Attacks, including 13 car bombs in mainly Shiite-populated areas of Iraq, killed at least 18 people Wednesday, highlighting the persistent danger from militants 11 years after American forces took Baghdad.
The latest violence is part of a protracted surge in nationwide bloodshed that has killed more than 2,400 people so far this year and sparked fears Iraq is slipping back into the all-out sectarian fighting of 2006-7.
The unrest has been driven principally by complaints among the Sunni Arab minority of mistreatment at the hands of the Shiite-led government and security forces, as well as spillover from the civil war in neighbouring Syria.
Eight car bombs struck seven separate areas of Baghdad around 10:00 am (0700 GMT), killing at least 11 people and wounding at least 49, security and medical officials said.
In the deadliest single attack in the capital, a car bomb exploded near a traffic police office in the Shiite shrine district of Kadhimiyah, killing at least three people and wounding at least eight.
Another car bomb exploded near a vegetable market, while main thoroughfares were also targeted.
Five more car bombs struck various areas of Wasit province, south of Baghdad, killing at least six people and wounding more than 40, a police officer and a health department official said.
And in the Saba al-Bur area north of Baghdad, two mortar rounds killed at least one person and wounded at least five.
The attacks highlight the persistent danger posed by militants in Iraq, 11 years after American troops took Baghdad.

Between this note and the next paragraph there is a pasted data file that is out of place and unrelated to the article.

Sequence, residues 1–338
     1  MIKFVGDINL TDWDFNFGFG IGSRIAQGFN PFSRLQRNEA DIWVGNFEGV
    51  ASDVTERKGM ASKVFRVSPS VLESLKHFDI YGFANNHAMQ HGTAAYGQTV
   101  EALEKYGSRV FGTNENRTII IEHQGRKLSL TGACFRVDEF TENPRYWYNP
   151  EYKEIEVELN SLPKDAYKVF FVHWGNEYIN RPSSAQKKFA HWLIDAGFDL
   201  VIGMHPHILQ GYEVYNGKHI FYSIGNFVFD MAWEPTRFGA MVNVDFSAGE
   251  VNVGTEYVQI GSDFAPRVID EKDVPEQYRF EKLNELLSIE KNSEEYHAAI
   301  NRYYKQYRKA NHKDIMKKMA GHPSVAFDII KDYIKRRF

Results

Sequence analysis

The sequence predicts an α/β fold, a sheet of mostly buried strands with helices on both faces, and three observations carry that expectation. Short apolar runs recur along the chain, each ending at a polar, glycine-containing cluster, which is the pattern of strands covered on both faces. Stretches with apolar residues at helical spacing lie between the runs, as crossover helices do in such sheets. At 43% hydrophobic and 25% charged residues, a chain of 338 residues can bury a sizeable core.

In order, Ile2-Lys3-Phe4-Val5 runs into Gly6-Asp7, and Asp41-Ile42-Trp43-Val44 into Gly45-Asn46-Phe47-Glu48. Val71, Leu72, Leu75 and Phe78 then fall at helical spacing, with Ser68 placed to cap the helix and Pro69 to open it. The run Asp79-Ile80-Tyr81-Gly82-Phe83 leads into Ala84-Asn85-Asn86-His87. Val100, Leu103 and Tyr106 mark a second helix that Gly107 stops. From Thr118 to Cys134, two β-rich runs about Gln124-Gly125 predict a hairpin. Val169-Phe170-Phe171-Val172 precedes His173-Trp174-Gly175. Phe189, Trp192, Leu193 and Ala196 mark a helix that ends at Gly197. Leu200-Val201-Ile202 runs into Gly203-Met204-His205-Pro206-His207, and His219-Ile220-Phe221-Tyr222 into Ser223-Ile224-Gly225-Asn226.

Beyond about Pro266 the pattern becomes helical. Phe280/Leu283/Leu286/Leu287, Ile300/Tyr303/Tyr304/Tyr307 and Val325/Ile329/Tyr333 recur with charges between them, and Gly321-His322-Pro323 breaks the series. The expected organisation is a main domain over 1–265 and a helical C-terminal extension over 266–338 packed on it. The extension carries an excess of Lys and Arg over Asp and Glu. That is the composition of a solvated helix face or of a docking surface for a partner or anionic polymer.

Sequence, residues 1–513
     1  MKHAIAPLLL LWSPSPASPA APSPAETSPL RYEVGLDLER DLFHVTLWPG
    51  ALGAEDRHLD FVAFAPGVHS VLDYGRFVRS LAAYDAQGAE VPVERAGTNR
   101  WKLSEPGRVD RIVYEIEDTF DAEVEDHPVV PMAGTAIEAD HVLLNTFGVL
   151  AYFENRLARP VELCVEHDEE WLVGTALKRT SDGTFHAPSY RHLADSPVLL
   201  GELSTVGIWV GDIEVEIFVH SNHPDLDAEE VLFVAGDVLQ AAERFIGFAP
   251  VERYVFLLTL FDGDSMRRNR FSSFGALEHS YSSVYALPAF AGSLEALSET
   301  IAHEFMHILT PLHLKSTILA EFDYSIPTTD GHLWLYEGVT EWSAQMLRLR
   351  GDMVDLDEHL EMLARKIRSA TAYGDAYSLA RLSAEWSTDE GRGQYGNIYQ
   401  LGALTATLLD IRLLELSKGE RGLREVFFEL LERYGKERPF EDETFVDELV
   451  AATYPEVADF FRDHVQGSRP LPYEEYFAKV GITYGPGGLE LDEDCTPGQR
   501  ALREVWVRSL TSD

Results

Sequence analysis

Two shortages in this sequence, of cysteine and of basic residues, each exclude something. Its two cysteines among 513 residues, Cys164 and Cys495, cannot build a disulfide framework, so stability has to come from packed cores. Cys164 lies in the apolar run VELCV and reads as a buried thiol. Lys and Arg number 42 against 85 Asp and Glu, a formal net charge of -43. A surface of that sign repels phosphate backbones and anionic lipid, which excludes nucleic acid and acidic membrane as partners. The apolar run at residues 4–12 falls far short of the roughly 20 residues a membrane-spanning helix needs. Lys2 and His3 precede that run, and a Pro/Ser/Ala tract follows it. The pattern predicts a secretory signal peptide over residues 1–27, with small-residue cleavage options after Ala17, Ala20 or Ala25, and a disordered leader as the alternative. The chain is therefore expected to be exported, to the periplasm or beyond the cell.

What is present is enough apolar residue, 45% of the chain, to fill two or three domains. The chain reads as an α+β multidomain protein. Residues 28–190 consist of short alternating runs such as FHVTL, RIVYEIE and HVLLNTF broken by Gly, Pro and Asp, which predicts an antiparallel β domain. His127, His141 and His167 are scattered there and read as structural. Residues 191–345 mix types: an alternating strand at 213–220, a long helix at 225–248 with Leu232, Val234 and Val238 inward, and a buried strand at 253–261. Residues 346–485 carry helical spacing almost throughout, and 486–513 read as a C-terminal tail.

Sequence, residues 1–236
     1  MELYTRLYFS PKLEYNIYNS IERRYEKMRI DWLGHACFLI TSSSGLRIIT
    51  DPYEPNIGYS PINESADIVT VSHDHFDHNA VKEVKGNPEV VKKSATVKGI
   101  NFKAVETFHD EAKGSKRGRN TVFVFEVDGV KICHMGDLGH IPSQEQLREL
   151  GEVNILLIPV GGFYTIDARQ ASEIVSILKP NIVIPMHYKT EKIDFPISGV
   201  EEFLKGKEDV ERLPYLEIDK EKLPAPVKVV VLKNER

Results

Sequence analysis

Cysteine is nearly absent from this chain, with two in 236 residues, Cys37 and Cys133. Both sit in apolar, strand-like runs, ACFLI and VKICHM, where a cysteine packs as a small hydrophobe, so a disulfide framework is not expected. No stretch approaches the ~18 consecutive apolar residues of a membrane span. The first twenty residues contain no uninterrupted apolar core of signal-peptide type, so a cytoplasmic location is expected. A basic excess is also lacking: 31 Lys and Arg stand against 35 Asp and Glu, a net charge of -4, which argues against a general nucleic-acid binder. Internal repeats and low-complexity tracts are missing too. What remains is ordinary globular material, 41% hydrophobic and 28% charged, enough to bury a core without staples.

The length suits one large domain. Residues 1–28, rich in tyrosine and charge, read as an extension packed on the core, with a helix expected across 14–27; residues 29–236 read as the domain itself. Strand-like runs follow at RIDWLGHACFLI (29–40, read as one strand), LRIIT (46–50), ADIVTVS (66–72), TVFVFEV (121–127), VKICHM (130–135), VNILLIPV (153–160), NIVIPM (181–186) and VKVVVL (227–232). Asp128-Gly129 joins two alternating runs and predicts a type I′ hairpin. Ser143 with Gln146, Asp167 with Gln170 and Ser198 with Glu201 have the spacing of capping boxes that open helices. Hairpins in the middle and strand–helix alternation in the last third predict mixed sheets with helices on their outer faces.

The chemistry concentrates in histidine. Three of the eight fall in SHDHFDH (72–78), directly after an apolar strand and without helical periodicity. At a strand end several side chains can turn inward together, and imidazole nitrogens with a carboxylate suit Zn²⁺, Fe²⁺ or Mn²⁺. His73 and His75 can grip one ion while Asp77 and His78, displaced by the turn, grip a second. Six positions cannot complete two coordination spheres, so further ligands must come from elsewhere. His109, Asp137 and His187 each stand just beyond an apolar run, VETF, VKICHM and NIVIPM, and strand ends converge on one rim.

The United States subsequently disbanded the Iraqi military and launched a "de-Baathification" programme targeting members of Saddam Hussein's party, both of which contributed to the rise of a bloody insurgency.
And while many Iraqis had high hopes after Saddam's 2003 overthrow, they have been dashed by years of deadly violence, widespread corruption and a persistent lack of basic services.
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- Campaign in full swing -
The Wednesday bloodshed came a day after Iraq's security forces said they killed 25 militants near Baghdad.
Brigadier General Saad Maan said the fighters were part of the jihadist Islamic State of Iraq and the Levant (ISIL), and were planning to attack an army base they had attempted to hit last week.
Despite the tactical success, the killings illustrate the growing ambition of ISIL militants seeking to fight their way into Baghdad, as an April 30 general election looms.
It is the first election to the Iraqi parliament since US forces left at the end of 2011, although both provincial elections and an election to the Kurdish regional parliament were held last year.
Campaigning is in full swing, with colourful political posters crowding roadsides across the Iraqi capital.
One sign hangs from a destroyed building in central Baghdad, while others surround the plinth at Firdos Square from which a statue of Saddam was toppled on April 9, 2003, in one of the most famous images of the dictator's fall.
The United Nations has warned that the election campaign will be "highly divisive", as party leaders appeal to their sectarian political bases.